Monday, March 20, 2017

Book Review: The Suitcase by Jane G. Meyer

I am always on the lookout for beautiful picture books that will present meaningful ideas from a new perspective for my students. Last week my husband, our teenage son, and I watched this Ted Talk about how a slight change in perspective can reveal ... the gateways to empathy and understanding.  Totally cool video, I highly recommend it, especially if your student is getting bored with math - but I digress. Let's talk about children and empathy and understanding. Let's talk about travelling to the Kingdom of God!
I teach pre-K- 2nd grade Sunday School and 3rd-5th grade Writing/History/Faith.  After I read this book, which I was grateful to receive free in return for a fair and honest review, I thought to myself, “that is the book I wanted last October, when we were doing our HUGS
-based lessons. The goal was to teach the children Christ’s words, "Do it to the least of these my brethren and you do it to Me" (Matthew 25:40).

This book is a good living book for that Gospel passage. The young boy in the story takes Christ literally and is ready to put His commands into practice – after packing his suitcase with all of the bits of Biblical commands and images he has learned over the years.  Although the text of the book does not overtly state it, the young boy has some common characteristics of a child with autism. I was delighted with this young character and - revealing my ignorance - I wouldn't have realized the autism connection without being told so. In any case, the reader can gain understanding and empathy with both children with autism and the Gospel passages this young man is so willing to accept without question.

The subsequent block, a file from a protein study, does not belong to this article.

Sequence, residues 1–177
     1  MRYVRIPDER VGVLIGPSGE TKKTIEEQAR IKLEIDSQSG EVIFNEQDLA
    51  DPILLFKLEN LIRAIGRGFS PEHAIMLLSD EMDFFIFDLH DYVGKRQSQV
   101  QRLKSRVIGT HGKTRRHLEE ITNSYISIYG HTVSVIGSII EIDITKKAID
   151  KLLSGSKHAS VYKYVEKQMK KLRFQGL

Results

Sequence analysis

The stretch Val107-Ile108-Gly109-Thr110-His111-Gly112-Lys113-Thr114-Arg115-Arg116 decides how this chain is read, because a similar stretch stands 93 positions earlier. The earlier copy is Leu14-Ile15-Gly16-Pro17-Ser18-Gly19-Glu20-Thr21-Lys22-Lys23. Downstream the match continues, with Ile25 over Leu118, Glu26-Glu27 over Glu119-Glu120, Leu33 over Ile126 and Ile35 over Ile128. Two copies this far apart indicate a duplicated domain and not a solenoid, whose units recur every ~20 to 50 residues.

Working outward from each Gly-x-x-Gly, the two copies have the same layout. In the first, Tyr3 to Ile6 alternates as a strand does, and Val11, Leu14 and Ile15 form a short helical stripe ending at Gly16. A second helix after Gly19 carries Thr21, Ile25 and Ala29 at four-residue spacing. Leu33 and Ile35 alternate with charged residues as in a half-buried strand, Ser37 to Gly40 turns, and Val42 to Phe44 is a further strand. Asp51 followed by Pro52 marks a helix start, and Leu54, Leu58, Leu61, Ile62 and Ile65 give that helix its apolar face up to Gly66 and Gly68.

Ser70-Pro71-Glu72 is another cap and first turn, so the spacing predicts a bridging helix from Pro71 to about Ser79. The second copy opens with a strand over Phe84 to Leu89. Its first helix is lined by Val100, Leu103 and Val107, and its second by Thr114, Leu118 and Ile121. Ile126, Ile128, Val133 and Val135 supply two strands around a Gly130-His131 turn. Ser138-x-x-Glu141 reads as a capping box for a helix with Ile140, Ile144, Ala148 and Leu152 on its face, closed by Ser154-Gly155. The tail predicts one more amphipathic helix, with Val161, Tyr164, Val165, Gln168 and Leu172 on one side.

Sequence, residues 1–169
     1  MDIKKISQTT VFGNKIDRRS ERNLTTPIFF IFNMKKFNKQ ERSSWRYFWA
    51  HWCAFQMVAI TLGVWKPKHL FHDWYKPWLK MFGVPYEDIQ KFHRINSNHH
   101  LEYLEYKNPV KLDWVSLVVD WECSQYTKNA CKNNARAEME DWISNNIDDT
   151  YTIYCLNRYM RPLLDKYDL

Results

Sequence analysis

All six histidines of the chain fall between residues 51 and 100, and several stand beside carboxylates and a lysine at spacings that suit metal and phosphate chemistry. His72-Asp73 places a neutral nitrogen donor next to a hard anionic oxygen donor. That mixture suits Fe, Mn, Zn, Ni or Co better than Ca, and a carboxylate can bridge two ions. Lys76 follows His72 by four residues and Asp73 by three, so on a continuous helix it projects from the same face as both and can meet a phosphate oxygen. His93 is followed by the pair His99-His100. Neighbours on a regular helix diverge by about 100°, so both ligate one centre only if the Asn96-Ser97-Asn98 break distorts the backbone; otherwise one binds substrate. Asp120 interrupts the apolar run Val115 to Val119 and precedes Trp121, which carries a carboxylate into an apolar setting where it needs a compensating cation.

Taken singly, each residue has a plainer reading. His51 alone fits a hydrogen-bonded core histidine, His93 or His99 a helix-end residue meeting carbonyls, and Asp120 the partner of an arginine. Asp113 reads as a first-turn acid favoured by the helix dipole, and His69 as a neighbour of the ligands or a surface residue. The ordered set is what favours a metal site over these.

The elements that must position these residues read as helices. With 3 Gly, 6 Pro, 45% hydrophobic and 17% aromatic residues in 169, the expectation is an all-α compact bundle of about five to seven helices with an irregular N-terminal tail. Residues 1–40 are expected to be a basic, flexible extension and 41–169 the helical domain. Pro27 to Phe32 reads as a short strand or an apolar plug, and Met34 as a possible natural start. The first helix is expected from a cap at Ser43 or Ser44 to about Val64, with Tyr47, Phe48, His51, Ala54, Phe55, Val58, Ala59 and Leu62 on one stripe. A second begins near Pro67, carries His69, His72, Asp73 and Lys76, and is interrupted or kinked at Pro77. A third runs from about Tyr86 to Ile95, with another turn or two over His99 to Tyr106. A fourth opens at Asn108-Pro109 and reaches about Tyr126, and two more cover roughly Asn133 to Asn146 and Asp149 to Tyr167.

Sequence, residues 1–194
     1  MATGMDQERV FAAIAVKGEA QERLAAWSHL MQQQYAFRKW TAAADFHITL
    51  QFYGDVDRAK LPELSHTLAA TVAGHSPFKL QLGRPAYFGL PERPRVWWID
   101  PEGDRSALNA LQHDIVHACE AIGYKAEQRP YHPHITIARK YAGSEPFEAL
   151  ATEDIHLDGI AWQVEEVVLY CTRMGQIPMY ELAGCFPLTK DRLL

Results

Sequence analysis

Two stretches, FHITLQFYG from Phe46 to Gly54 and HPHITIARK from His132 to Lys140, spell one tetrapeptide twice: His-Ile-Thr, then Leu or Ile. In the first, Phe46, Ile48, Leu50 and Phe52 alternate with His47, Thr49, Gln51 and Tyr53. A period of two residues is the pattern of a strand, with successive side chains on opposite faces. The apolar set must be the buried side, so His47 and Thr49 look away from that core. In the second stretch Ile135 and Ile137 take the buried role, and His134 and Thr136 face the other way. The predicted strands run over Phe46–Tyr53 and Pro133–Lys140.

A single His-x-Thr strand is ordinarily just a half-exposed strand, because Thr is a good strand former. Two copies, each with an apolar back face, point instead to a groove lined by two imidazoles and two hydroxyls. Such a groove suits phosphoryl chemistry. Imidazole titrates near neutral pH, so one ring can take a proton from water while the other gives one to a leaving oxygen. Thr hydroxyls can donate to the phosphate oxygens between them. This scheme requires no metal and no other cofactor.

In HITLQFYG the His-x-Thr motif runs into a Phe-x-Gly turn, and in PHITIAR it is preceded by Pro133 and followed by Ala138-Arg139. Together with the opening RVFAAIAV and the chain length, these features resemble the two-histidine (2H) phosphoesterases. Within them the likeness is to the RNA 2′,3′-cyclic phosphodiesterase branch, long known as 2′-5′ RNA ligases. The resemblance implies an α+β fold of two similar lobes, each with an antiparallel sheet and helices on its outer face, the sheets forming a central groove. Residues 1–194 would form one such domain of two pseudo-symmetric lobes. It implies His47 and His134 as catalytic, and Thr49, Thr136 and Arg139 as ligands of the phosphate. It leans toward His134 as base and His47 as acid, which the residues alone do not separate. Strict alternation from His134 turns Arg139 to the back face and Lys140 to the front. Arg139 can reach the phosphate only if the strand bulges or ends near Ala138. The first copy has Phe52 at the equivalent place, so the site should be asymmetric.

The surprising part of the book, for me, was that his parents get on board right then, at that very moment. As I read the ending, I was irritated, thinking, “right, that mom can’t just turn the stove off, leave all those dirty supper dishes, and go out the door!” So I was thankful for author Jane G. Meyer’s page of suggestions at the end of the book. After a gentle reminder that parents should take care not to put off their child’s heart-felt desire to serve others, (entertaining angels is one thing the young lad had in mind when he packed his suitcase!), she offers a list of ways to make that practical in daily life. In the end, even though I think this will be a nice book to read to my students, I think it holds an even more important reminder for the parents.

From the Archives:

Book Review: The Life of St. Brigid by Jane G. Meyer - really, one of my all-time favorites by this author!

Book Review and Lesson Ideas: The Woman and the Wheat by Jane G. Meyer


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